Singh was re-elected with a comfortable majority of slightly more than 4,000 votes to serve in Burnaby-South. The 44th Canadian Parliament made very few changes to its predecessor, and the NDP emerged with its total number of seats unchanged at 25.

On March 22, 2022, the NDP struck a confidence-and-supply agreement with the governing Liberal Party of Canada over certain priorities: the government would “by the end of 2023” implement pharmacare and a "dental care program for low-income Canadians" would be a government priority to be enacted by 2025. The pact was influenced when the Freedom Convoy caused Trudeau to invoke and revoke the Emergencies Act over the vaccine mandate policy then in effect and also by the 2022 Russian invasion of Ukraine.

Political positions

On the occasion of the launch of his leadership bid in 2017 Singh branded himself a progressive and a social democrat.

Economic policy

Singh's economic policy states that "millions of Canadians are living in poverty". Singh supports a progressive tax system and supports eliminating several tax deductions available to the highest-income earners and redirect the money to low-income seniors, workers and disabled Canadians. Singh's tax agenda during the 2017 New Democratic Party leadership election included creating new tax brackets for the highest-income earners and raising corporate tax.

Singh supports a $15/hour minimum wage, the imposition of Canadian sales taxes on paid on-demand internet video providers (also referred to as a "Netflix tax"), and a universal pharmacare system, stating "universal healthcare is essential when we talk about equality for all Canadians". The NDP have stated that closing tax loopholes on the ultra rich would fund a universal pharmacare program. After the 2018 federal budget was released, Singh criticized the Liberals' plan for research into pharmacare with no funding behind it, calling it "not a plan but a fantasy".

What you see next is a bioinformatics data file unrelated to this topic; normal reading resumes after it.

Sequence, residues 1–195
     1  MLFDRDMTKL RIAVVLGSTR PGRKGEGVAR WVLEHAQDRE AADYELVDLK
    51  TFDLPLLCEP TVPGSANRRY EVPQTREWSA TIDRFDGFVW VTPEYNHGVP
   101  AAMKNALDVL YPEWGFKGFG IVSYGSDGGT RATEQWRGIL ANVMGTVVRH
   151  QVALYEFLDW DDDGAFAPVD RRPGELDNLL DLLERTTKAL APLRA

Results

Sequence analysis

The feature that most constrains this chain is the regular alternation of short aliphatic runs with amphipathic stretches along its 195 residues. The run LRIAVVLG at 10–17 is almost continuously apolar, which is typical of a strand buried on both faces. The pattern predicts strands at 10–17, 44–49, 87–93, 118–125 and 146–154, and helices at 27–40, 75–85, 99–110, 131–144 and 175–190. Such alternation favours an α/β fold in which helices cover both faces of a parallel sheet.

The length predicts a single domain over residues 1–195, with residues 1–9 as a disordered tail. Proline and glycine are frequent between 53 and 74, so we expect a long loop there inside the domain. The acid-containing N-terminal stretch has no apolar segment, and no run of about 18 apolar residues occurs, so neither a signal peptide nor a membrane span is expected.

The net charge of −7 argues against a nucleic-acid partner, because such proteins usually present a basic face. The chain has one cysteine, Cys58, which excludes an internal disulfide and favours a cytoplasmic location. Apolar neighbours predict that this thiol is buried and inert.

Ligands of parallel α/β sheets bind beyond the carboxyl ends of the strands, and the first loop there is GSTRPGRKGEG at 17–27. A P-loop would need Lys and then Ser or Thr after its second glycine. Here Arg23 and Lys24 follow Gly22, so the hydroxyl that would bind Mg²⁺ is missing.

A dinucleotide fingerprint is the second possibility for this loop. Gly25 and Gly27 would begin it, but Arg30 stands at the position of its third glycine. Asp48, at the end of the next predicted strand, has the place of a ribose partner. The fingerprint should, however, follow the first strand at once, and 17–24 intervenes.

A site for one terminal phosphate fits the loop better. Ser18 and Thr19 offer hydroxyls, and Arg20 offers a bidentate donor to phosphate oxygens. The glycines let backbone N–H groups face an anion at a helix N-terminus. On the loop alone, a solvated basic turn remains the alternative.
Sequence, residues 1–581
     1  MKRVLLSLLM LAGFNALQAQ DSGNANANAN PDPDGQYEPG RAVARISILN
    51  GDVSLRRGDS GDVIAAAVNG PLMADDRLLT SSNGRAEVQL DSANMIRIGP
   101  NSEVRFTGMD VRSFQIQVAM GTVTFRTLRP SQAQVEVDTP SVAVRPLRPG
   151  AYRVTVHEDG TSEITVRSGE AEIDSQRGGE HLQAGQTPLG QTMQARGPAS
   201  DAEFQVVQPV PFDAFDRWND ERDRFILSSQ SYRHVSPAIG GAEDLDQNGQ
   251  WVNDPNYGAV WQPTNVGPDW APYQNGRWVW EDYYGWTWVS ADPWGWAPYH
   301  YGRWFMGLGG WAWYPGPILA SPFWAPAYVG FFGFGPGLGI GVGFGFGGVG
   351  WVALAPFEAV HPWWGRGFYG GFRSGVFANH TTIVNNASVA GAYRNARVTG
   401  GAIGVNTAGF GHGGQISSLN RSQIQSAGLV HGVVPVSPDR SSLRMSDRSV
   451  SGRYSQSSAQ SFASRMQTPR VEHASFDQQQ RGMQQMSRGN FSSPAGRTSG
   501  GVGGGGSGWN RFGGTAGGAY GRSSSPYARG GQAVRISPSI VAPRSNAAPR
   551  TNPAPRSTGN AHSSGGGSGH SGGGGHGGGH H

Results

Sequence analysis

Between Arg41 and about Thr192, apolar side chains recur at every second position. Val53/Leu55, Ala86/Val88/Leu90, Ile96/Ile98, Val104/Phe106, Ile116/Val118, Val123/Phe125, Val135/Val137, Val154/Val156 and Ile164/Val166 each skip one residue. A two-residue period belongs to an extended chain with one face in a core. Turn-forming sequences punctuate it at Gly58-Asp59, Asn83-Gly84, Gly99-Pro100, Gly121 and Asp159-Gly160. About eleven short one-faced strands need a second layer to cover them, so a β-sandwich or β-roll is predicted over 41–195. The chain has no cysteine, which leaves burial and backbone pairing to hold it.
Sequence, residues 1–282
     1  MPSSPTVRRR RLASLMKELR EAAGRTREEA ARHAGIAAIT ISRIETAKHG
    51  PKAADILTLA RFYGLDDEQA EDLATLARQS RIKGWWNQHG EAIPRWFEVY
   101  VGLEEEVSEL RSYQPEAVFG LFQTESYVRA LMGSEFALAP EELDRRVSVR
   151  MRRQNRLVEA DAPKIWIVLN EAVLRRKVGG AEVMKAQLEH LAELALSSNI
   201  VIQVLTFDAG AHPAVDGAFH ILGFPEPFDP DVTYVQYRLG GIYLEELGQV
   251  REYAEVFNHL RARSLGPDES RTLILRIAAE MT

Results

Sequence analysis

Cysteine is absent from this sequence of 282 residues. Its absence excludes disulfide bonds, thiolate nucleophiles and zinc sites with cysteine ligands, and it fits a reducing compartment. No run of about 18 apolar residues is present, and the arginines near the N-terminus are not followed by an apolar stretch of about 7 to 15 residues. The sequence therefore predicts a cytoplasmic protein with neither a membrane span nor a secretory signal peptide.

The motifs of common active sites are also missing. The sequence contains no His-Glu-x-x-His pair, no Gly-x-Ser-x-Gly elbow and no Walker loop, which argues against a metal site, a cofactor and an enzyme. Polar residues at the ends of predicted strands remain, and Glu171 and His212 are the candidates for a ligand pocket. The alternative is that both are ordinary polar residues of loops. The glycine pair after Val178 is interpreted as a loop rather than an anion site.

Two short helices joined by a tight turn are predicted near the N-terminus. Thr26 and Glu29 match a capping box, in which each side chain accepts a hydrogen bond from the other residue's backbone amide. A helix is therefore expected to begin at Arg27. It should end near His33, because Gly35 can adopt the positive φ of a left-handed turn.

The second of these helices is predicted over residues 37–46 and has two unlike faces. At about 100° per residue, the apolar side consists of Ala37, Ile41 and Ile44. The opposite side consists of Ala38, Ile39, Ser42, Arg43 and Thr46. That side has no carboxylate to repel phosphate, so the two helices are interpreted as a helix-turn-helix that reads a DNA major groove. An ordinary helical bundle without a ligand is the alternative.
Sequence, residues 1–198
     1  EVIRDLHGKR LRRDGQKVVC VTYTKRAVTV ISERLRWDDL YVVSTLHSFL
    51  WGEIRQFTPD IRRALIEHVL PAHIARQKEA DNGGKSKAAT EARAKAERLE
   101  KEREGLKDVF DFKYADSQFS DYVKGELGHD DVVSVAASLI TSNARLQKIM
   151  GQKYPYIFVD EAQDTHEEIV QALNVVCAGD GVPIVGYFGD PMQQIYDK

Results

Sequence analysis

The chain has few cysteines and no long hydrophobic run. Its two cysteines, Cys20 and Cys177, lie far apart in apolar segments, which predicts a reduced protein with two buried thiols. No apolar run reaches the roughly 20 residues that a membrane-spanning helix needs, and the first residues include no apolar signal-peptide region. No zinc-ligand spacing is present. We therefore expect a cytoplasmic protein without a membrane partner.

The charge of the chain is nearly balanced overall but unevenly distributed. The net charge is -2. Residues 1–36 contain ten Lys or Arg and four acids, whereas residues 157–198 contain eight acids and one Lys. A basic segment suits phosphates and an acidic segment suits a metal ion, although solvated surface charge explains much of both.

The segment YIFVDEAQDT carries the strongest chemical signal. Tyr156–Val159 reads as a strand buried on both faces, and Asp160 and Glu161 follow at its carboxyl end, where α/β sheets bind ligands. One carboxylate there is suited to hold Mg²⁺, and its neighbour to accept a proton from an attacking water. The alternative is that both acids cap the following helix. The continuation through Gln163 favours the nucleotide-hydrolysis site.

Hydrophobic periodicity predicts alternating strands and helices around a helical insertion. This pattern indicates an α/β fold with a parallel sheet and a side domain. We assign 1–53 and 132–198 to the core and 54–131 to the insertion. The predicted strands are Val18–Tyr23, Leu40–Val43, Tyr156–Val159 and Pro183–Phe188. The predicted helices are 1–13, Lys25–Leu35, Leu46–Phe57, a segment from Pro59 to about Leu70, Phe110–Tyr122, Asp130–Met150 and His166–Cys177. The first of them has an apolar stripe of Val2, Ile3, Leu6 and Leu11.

In January 2019 Singh promised to incentivize the building of 500,000 units of affordable housing by removing the federal tax burden on new affordable housing projects.

Energy policy

Singh favours reducing Canada's carbon emissions to 30 percent of 2005 levels by 2025. This would be done by assisting provinces with the 2030 "coal phaseout", implementing a zero emissions vehicle agenda, "greening" the tax system by adding subsidies to companies supporting ecology and building renewable energy supergrid. Singh also supports creating more accountability in climate change policy by creating an independent officer of parliament mandated to report on interim progress on emission reductions (Climate Change Action Officer or CCAO), tasking the Commissioner of Environment and Sustainable Development (CESD) to the Auditor General with gathering data from each province and territory and appointing an advisory group composed of regional and topic-specific experts who will support the CCAO in interpreting data presented by the CESD and assessing implications for climate, energy, and economic policies and regulations. Singh's opposition to the Trans Mountain Pipeline expansion project was repeatedly condemned by Alberta NDP leader and former Premier of Alberta Rachel Notley.